- Real-time optimized warehouse management and logistics.
- Continuous visibility after-shipment and after-sale of the product.
- Convergence of business strategy, marketing operations and customer services, through continuously updated product information.
- Enablement of the “as-a-service” offering for assets and products through continuous communication between the manufacturer and its product.
Transferring the physical world to the digital realms
As industrial manufacturers move to new business models that help them achieve higher profitability and discover new revenue streams, the concept of the selling “as-a-service” and “pay-per-use” or “pay-per-outcome” are emerging.
As important as it is to have an IoT platform strategy in place, a digital twins strategy for IoT-enhanced products and services is proving to be equally important. The concept of the digital twin is already proving to be valuable for product management and is expected to complement -- or even replace -- the very concept of the product offering itself.
Yet another reason for the digital twin enthusiasm is the underlying notion that the world is being radically digitized in all possible forms. So, digital twins, even though they are currently applied within the boundaries of the industrial manufacturing space, represent in a great way the capabilities of transferring the physical world to the digital realm. In reality, the concept of the digital twin, as envisaged in the context of the 4th Industrial Revolution (Industry 4.0), promises to enable full interaction between consumers and the products that they use, and that of manufacturers with the products they create, and merge these worlds even more.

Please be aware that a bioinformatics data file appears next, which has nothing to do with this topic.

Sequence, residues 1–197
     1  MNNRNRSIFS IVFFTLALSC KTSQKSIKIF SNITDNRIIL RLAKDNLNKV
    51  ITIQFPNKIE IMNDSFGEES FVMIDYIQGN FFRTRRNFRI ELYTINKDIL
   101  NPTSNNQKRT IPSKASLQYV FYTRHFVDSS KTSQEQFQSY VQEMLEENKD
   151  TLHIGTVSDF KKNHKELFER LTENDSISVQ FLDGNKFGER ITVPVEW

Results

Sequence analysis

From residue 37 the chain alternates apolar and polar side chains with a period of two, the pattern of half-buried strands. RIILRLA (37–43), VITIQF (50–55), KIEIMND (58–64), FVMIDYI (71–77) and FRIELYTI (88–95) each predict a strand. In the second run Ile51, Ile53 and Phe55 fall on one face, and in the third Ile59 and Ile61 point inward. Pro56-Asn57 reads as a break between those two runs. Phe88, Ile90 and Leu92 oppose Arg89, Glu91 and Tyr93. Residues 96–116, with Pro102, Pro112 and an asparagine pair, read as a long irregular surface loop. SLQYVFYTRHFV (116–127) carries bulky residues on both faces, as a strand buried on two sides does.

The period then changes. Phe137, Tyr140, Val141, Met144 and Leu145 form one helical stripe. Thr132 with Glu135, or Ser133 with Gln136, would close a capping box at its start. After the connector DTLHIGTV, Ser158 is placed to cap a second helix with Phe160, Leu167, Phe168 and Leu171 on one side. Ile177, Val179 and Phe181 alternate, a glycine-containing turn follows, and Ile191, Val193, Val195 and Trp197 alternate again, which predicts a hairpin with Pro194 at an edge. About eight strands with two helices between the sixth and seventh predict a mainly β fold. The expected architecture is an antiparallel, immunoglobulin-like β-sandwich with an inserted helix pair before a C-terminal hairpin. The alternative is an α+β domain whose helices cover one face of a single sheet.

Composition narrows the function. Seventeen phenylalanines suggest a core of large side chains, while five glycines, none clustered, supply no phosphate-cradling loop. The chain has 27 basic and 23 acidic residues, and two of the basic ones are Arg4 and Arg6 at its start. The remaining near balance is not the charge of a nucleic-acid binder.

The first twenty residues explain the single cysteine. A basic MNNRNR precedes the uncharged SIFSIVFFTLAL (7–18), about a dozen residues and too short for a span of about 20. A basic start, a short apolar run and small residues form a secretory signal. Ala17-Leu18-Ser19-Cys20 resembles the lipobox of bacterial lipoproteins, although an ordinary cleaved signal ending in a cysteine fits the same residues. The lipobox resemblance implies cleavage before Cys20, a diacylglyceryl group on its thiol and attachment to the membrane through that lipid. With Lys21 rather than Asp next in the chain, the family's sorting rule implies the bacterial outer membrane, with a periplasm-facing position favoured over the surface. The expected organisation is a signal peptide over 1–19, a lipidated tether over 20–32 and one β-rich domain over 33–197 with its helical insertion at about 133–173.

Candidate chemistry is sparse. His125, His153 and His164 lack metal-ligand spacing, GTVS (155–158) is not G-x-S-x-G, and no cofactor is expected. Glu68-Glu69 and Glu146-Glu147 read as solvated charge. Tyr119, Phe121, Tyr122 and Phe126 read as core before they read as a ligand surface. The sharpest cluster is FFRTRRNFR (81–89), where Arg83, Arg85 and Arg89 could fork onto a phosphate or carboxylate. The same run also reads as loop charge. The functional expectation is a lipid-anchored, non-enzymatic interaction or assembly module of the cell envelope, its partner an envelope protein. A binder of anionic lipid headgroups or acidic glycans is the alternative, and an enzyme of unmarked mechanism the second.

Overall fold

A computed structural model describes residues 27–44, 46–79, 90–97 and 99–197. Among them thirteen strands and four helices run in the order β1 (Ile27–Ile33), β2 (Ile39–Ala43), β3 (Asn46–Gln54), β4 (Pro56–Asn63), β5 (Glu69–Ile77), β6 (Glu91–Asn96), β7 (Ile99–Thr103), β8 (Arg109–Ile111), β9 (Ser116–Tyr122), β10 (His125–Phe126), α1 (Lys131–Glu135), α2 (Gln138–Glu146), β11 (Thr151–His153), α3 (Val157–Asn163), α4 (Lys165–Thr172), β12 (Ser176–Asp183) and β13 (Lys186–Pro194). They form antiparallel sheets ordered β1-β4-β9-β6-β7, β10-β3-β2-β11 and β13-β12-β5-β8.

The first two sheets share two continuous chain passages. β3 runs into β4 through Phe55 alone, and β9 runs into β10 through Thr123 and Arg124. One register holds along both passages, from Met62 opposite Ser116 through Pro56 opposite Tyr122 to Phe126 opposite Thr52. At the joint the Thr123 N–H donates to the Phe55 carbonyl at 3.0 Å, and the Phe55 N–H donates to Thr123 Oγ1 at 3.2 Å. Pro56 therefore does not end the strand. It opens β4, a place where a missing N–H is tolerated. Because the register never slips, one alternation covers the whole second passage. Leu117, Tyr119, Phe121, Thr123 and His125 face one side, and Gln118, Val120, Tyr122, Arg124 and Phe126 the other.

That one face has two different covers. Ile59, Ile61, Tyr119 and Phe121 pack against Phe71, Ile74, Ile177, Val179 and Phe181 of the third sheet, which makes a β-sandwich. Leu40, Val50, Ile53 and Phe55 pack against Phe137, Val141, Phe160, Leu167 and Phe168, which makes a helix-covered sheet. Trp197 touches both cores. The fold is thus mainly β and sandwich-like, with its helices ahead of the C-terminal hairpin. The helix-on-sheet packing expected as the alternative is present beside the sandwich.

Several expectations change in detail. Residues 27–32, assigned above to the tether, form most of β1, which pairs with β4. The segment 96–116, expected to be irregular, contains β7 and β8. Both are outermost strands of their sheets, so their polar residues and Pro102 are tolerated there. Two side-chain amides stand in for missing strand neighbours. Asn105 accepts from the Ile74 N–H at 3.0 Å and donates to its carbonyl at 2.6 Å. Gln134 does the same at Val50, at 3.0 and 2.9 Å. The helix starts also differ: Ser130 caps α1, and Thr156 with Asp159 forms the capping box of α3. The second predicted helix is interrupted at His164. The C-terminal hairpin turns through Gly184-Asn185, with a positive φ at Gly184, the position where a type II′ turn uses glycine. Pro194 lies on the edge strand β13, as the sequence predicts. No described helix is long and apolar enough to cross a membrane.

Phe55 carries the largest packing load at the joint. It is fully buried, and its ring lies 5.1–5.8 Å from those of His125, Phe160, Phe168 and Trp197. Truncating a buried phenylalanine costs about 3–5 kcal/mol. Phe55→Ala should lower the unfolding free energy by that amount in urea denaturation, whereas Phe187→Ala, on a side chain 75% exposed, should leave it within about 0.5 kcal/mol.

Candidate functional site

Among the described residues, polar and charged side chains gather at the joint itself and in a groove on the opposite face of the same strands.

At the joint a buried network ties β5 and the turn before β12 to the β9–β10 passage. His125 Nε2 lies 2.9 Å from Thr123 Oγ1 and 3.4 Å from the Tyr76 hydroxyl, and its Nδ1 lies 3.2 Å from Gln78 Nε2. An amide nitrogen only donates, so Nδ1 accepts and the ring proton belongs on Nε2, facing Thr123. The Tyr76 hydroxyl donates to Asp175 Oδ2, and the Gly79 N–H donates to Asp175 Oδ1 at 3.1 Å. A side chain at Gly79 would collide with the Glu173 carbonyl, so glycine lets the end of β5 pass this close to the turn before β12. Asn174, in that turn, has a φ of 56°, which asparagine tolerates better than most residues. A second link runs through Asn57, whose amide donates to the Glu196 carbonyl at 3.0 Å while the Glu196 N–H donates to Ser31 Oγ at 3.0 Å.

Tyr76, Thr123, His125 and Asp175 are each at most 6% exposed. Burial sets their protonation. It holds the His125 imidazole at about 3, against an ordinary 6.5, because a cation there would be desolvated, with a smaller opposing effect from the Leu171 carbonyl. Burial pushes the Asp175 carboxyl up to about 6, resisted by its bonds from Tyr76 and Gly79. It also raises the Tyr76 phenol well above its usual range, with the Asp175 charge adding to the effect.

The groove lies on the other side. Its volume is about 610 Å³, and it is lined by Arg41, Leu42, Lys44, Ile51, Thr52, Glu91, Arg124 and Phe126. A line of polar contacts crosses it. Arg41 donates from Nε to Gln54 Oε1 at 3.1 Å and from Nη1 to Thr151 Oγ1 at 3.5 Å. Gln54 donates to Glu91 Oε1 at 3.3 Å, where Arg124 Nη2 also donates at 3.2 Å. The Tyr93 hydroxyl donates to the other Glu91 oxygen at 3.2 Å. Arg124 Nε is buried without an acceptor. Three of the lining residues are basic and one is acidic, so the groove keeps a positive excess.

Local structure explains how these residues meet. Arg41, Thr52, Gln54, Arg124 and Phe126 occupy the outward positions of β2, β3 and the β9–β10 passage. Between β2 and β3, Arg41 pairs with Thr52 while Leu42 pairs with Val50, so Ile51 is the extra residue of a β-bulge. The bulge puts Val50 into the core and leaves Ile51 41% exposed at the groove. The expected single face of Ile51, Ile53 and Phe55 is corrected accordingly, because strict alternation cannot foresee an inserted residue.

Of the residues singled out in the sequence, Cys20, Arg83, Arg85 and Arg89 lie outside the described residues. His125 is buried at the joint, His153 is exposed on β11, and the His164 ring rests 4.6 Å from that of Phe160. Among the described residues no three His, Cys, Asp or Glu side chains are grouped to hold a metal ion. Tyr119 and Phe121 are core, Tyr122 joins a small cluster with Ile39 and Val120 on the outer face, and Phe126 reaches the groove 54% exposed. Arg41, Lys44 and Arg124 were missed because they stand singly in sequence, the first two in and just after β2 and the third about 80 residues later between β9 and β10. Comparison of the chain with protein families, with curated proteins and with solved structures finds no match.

Christina Patsioura is an IoT Research Analyst at Beecham Research, with a particular focus on the Enterprise Internet of Things, Industrial IoT, Smart Grid, Data Analytics and Machine Learning. She has co-created "IoT Pilot", a web-based IoT Platform selection tool and has co-authored an extensive report on Industrial Data Analytics. Her work in analyzing the IoT market landscape, across all enterprise sectors and verticals, includes consultancy projects with technology suppliers and with financial organisations and private equity firms that are looking to make investments in these areas. Christina holds a MEng in Mechanical/Industrial Engineering and completed a thesis on the topic of Investment Analysis for the Telecommunications sector. Twitter: @christpatsi